The software maker trades at 8.91 times free cash flow, less than every company in the industry except for Tokyo-based Nomura Research Institute Ltd. at 8.06 times and CA Inc. (CA) of Islandia, New York, at 8.85 times, data compiled by Bloomberg show. Meanwhile, Micro Focus made 23 cents per dollar of revenue in the last 12 months, almost double the industry’s average profit margin of 12.5 percent, the data show.
Vijay Anand, an analyst at Espirito Santo Investment Bank, expects a buyout firm to pay as much as 450 pence a share and boost revenue growth to as high as 10 percent annually.
“The key attractions are the recurring revenue stream, the solid customer base and strong cash flows due to high Ebitda margins,” said London-based Anand. “The issues the company has are fairly fixable. It mostly requires consistency of leadership and better focus on sales execution.”
The Cobol business may lure strategic buyers such as International Business Machines Corp. (IBM), Hewlett-Packard Co. (HPQ) or Oracle Corp. (ORCL), while professional services and testing may be attractive to IBM or Mumbai-based Tata Consultancy Services Ltd. (TCS), said Panmure’s O’Connor.
Ed Barbini, a spokesman for Armonk, New York-based IBM, said the company has a policy of not commenting on rumors or speculation. Deborah Hellinger, a spokeswoman for Oracle of Redwood City, California, declined to comment. HP doesn’t comment on rumor or speculation, the Palo Alto, California-based company said in an e-mail. Mike McCabe, a spokesman for Tata in North America, also declined to comment.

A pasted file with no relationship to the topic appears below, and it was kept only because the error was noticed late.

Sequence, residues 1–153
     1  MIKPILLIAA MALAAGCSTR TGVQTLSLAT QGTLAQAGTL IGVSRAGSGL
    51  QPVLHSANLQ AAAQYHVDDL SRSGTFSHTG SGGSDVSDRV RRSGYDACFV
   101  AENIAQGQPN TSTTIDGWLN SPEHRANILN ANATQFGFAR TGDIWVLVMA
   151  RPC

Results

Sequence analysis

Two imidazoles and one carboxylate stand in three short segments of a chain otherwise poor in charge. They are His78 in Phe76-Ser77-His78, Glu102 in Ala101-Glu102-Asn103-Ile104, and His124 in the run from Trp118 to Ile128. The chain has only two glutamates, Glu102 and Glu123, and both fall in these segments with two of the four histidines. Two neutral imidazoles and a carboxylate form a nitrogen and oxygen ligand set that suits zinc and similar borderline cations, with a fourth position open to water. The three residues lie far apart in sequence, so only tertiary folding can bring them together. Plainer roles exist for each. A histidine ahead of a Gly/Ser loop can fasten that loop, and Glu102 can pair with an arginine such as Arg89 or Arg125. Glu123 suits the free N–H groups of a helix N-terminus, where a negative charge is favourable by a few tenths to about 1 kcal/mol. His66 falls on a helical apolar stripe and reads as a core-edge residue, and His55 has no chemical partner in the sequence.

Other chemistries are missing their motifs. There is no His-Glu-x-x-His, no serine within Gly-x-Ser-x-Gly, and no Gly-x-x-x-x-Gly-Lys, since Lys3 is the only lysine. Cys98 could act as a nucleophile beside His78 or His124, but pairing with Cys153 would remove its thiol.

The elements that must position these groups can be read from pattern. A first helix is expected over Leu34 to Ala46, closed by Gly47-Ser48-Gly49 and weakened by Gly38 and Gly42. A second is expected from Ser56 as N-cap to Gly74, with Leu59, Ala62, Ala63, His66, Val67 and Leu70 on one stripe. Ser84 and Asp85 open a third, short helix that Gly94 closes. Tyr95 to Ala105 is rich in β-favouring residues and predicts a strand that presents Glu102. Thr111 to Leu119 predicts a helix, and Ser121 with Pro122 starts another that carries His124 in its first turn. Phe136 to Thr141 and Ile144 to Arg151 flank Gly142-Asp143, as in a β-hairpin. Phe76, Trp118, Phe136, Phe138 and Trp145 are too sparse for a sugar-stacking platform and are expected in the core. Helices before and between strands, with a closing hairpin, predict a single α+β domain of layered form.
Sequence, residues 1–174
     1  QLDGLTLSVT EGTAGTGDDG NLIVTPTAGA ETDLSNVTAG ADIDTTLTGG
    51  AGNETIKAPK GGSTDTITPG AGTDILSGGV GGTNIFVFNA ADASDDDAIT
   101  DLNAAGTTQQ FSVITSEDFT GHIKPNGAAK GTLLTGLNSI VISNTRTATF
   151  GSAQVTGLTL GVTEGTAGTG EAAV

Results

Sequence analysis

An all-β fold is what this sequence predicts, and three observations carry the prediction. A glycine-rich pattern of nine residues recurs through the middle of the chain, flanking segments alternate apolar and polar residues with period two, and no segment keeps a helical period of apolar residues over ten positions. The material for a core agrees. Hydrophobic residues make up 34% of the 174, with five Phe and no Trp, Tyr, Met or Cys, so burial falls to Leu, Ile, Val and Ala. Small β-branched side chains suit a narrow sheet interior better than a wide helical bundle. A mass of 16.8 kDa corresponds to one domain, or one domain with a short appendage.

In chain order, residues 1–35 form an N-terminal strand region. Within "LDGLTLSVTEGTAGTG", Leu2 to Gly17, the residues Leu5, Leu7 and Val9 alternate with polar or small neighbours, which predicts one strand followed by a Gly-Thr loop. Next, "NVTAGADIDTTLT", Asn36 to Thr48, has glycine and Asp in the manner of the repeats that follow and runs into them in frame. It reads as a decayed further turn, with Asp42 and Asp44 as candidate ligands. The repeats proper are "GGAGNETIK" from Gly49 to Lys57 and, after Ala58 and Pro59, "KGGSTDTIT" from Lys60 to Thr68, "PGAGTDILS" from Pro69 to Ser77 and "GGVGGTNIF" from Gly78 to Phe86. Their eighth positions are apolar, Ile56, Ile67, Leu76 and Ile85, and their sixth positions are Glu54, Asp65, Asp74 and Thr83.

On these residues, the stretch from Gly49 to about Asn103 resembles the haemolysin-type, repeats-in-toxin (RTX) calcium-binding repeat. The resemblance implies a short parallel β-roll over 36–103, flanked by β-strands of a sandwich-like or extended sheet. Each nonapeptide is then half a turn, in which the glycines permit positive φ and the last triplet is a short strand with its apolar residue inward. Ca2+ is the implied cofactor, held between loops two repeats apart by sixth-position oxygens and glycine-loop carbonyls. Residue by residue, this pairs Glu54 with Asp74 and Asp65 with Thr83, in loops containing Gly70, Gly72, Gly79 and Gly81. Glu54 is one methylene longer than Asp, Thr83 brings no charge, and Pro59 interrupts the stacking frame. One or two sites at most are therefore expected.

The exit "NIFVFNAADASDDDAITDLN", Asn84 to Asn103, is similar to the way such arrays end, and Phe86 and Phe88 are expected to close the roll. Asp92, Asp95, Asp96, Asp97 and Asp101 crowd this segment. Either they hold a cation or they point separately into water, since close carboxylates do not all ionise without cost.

Micro Focus has been plagued by management turnover. Nigel Clifford left the post of CEO on April 15 after less than a year, and just two months after the company said sales and earnings were unlikely to recover by the end of the fiscal year in April.
The shares fell 0.2 percent to 371 pence at 3:51 p.m. in London. Before today, they had slumped 21 percent over 12 months as the FTSE All-Share Software & Computer Service Index climbed 21 percent. The company’s market value had dropped to about 734.8 million pounds ($1.2 billion) as of yesterday.
‘Pedestrian’ Revenue Growth
A bid is not likely to emerge because of the company’s “pedestrian” revenue growth, limited ability to boost margins and the improbability of another public offering as Cobol continues to age, Jonathan Imlah, an analyst with Collins Stewart Plc in London, said in a May 23 report. The shares may fall to 325 pence if a bid doesn’t emerge, a 13 percent drop from yesterday’s closing price.
About 51 percent of $432.6 million in revenue in the year ended April 2010 came from maintenance with 42 percent generated by license fees, data compiled by Bloomberg show. Revenue is projected to remain flat through 2012, according to the average of analysts’ estimates compiled by Bloomberg.
“Half of the revenues are maintenance and that makes them quite cash rich, which is why private-equity firms would be looking at it,” Peel Hunt’s Jarvis said. “The core business has had quite sparse growth.”
Micro Focus, which traded at as much as 21 times its earnings in the past year, is now valued at 12 times, the lowest for an enterprise software company greater than $1 billion outside the U.S., data compiled by Bloomberg show.
“It’s a very cheap share, hence the opportunity,” said Panmure’s O’Connor.
Overall, there have been 9,870 deals announced globally this year, totaling $964.3 billion, a 22 percent increase from the $792.8 billion in the same period in 2010, according to data compiled by Bloomberg.